Kuwait is closely following Saudi Arabia as a remittance hub in the GCC, with over $17.7 billion of outbound remittances in 2022, giving it the ranking of sixth in the world. The large expat population and rising price of oil drive this remittance stat higher and higher year on year. Employment opportunities, boasting relatively well paying jobs and a good quality of life for locals, have attracted workers from across the globe to build careers in Kuwait. Major remittance corridors  include India and Egypt. Taking a look at digital remittances, the market is forecasted to reach $240.7 million by the end of 2023 with a projected annual growth rate of 7.89% until 2027. The market optimism is based on ongoing government efforts of infrastructure development to bolster employment opportunities for local and expat Kuwaitis.

The payments landscape in Kuwait is nuanced. Following the pandemic years, there has been a major drive by government and local financial services companies to encourage ingrained digital payments. Kuwait Vision 2035 underpins government action to “transform Kuwait into a regional and global financial and trade hub” triggering a steady rise in the cards and payments market. The collective market size is projected as $123.5 billion for 2023, with a compound annual growth rate (CAGR) of over 12% for the upcoming four years.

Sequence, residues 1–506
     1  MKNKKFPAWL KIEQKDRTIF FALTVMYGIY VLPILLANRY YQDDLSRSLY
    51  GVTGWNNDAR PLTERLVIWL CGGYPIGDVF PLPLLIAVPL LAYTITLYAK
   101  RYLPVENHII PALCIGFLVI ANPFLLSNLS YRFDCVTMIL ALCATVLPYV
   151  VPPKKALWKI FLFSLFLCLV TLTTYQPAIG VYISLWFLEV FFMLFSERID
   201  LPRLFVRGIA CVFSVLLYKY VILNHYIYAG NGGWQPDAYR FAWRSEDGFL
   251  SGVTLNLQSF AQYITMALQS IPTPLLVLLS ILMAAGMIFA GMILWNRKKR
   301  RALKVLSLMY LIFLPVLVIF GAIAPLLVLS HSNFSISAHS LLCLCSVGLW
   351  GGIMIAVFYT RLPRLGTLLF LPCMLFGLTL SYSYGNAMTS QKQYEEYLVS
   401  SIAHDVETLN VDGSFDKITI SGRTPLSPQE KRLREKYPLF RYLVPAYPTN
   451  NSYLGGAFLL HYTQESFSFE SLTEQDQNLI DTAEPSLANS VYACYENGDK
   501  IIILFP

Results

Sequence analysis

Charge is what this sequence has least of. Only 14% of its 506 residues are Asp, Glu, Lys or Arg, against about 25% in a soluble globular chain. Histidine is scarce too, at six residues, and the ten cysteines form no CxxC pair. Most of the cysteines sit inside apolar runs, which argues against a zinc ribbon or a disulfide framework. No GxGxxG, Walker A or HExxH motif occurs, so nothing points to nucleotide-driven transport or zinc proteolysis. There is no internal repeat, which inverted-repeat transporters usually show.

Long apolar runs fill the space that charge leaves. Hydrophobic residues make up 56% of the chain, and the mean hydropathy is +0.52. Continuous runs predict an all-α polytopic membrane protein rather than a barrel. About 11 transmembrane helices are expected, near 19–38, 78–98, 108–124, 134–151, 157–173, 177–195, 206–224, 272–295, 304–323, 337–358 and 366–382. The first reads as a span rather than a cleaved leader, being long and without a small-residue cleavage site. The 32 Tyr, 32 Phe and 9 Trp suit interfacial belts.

Some highlights in the Kuwaiti payments industry over recent years:

  • In 2013, Boloro, a mobile payment provider launched a contactless payment option for public transport in Kuwait which allowed customers to pay for their trip using their phone to tap-and-go.

  • To encourage card adoption, local banks started offering Sharia-compliant credit cards in 2015 and there was strategic investment by both Visa and Mastercard to stimulate the market further. Kuwait is reportedly one of the largest debit card markets in MENA. 

  • KNET is the country’s most popular payment service provider, which enables electronic banking services to all 11 banks in Kuwait established in 1992. It provides a host of services from point-of-sale (POS), ATM and even cheque book printing. The KNET payment gateway allows payment collection through bank-issued debit cards, processing 5 000 000 transactions per month. Almost 80% of all digital transactions in the nation are conducted via a KNET card. 

  • Within the past year, Kuwait saw the launch of Google Pay as well as Apple Pay, which were successfully activated after the Central Bank of Kuwait granted necessary banking licenses. Local Android and iPhone users can use their devices for contactless payment options.